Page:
Canada's Alessia Cara, who rose from making YouTube videos in her bedroom to becoming a socially conscious pop singer, on Jan 28 won the Grammy for Best New Artiste.The 21-year-old from suburban Toronto won the closely watched award in a field that included fellow young singer Khalid, with whom she collaborated on the suicide prevention song 1-800-273-8255.
“I've been pretend-winning Grammys since I was a kid in my shower,” Cara told the audience at Madison Square Garden in New York, thanking her fans.“You are the reason I don't have to win Grammys in my shower any more.”She urged the industry not to forget the many “incredible artistes making incredible music that need to be acknowledged, who don't always get acknowledged because of popularity contests and numbers games.”“I just wanted to encourage everyone to support real music and real artists because everyone deserves the same shot,” Cara added.
Cara, who has a rich voice with a touch of soul, first came to prominence as a teenager recording YouTube videos with humorous but startlingly accurate impersonations of famous singers including Amy Winehouse and Taylor Swift.Since finding her own voice as a singer, she has spoken to young people struggling to fit in.
Her first single, Here – set to the same Isaac Hayes soul sample as English trip-hop band Portishead's 1995 hit Glory Box – describes her dread at spending time at a party full of marijuana and overly loud music. Scars To Your Beautiful, which also entered the Top 10 on the US singles chart, focuses on body image as Cara sings of a young woman preoccupied by her appearance “You should know you're beautiful just the way you are.”
Speaking to AFP when she released her debut album, Know-It-All, Cara said she wanted to avoid the “usual stupid comparisons” made about teen pop stars.“I wanted to steer away from that and show people that I'm real,” she said. Her Best New Artiste win didn’t sit well with some people who have gone online to bash the singer.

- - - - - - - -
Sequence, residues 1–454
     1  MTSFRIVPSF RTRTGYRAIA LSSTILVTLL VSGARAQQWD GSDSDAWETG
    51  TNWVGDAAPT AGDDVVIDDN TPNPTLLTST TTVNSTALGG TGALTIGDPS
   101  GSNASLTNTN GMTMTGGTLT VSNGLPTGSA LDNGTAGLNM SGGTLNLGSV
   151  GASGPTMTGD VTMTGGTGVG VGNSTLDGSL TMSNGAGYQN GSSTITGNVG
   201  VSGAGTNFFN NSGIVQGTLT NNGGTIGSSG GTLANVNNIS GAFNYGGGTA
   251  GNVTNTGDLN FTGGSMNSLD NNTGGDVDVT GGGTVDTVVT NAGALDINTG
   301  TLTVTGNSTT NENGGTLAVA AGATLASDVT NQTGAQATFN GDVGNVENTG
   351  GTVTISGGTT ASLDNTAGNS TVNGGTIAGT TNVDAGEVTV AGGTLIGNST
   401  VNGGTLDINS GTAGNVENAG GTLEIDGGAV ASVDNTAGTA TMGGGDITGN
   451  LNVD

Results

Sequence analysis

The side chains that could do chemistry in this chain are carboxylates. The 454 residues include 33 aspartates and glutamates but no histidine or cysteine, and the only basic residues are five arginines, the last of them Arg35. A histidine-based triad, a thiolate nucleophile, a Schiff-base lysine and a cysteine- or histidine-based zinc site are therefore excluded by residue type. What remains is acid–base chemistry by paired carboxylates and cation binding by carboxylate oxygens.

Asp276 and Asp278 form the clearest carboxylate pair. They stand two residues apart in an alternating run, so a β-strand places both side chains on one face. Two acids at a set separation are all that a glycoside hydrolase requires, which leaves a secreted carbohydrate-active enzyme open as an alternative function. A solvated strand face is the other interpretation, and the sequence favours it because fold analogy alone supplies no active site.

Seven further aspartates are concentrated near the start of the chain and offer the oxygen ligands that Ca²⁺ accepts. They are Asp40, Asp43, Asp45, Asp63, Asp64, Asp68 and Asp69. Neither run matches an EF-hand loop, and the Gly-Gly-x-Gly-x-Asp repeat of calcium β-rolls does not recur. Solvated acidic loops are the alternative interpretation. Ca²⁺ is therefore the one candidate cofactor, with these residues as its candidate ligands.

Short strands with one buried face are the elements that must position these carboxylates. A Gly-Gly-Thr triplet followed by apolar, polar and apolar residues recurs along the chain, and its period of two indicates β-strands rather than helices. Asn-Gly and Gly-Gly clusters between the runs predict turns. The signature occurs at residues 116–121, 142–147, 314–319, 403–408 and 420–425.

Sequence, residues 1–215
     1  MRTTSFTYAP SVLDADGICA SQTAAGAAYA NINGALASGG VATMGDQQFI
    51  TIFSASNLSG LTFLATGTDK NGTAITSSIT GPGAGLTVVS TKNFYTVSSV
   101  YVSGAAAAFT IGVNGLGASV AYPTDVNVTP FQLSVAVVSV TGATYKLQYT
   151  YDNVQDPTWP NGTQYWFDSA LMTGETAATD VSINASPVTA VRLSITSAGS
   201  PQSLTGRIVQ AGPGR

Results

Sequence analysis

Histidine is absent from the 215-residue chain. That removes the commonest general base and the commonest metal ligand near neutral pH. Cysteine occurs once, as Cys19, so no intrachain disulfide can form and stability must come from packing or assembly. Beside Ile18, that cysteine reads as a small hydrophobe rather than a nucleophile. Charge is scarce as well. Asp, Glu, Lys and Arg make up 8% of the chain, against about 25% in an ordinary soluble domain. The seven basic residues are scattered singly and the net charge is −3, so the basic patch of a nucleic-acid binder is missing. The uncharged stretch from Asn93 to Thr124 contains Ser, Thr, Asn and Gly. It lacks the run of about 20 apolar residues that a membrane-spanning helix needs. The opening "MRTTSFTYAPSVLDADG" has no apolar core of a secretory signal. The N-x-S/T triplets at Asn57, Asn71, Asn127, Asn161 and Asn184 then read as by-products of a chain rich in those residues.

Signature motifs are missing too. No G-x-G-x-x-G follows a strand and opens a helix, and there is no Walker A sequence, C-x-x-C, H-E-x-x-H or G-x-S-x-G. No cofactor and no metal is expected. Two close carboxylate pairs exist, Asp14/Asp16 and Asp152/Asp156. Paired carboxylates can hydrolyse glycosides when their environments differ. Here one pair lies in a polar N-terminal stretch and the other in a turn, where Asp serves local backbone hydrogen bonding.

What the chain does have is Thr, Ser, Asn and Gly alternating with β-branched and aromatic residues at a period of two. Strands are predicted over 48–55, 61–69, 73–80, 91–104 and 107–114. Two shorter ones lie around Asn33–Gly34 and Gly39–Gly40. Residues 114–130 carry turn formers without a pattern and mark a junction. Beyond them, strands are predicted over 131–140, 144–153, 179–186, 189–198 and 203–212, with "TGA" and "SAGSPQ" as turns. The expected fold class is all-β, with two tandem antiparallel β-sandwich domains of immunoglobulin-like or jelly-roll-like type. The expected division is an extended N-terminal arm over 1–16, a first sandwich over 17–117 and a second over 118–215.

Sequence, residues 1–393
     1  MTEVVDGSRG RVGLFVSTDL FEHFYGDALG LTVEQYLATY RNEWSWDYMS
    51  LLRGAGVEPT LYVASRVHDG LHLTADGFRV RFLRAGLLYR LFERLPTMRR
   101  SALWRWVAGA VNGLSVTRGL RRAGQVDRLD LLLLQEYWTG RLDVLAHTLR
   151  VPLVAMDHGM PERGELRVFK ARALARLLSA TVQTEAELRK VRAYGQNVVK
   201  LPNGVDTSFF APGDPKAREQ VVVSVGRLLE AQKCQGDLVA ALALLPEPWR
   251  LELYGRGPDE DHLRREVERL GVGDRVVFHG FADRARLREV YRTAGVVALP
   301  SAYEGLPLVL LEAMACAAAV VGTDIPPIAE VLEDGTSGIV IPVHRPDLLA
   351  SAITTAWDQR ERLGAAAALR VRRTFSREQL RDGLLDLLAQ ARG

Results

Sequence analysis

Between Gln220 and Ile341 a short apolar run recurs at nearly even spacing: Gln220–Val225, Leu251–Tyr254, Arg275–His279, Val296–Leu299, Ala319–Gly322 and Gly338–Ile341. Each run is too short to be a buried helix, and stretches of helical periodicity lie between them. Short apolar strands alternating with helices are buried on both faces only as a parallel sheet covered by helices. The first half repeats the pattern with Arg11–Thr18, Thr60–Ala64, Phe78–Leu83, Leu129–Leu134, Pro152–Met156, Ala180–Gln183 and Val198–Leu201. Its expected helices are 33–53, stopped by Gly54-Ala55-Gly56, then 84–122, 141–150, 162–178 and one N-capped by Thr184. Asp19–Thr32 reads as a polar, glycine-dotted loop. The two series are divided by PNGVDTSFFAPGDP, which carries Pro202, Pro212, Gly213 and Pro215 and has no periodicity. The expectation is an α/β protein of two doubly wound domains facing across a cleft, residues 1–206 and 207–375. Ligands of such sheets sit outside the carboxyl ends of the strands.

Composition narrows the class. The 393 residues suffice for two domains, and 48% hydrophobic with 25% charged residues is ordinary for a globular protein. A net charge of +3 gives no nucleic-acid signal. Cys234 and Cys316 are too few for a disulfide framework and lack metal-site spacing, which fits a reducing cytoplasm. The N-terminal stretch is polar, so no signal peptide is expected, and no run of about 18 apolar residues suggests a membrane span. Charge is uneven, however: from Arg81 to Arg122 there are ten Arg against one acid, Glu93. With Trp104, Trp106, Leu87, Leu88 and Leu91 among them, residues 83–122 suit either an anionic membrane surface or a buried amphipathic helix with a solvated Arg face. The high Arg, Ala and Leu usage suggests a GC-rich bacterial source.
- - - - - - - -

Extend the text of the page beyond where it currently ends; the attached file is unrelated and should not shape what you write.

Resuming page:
She took to Instagram to respond to online critics who slammed her victory and the show’s rules of eligibility.
“To address the apparent backlash regarding winning something I had no control over: I didn’t log onto grammy.com and submit myself. That’s not how it works. I didn’t ask to be submitted either because there are other artistes that deserve the acknowledgment. But I was nominated and won and I am not going to be upset about something I’ve wanted since I was a kid, not to mention have worked really hard for,” the singer said in the post on Jan 29.
Accompanying a black and white photo of Cara on her phone in a room full of balloons, she added: “I’m aware that my music wasn’t released yesterday, I’m aware that, yes, my music has become fairly popular in the last year. But I’m trying very hard to use the platform I’ve been given to talk about these things and bring light to issues that aren’t fair, all while trying to make the most of the weird, amazing success I’ve been lucky enough to have. I will not let everything I’ve worked for be diminished by people taking offense to my accomplishments and feeling the need to tell me how much I suck.”
During the Grammy ceremony, some questioned on Twitter why Cara was eligible for the Best New Artiste category, with her debut album Know-It-All having been released in November 2015. She beat out Khalid, Lil Uzi Vert, SZA, and Julia Michaels for the award.
In the post, she also addressed the many insecurities she’s dealt with being in the music industry and expressed how much the award meant to her.
“All of the years feeling like I wasn’t good at anything or that I was naive for dreaming about something improbable have paid off in a way that I have yet to process,” Cara said.
“I know it sounds cheesy and dumb but it’s the honest truth. Thanks to everyone who’s shown me kindness and support along the way.”
Cara was also nominated for Song Of The Year and Best Music Video for her feature on Logic’s 1-800-273-8255, as well as Best Pop Duo/Group Performance for Stay with Zedd. She was the only female winner in a major category at this year’s Grammys. – Agencies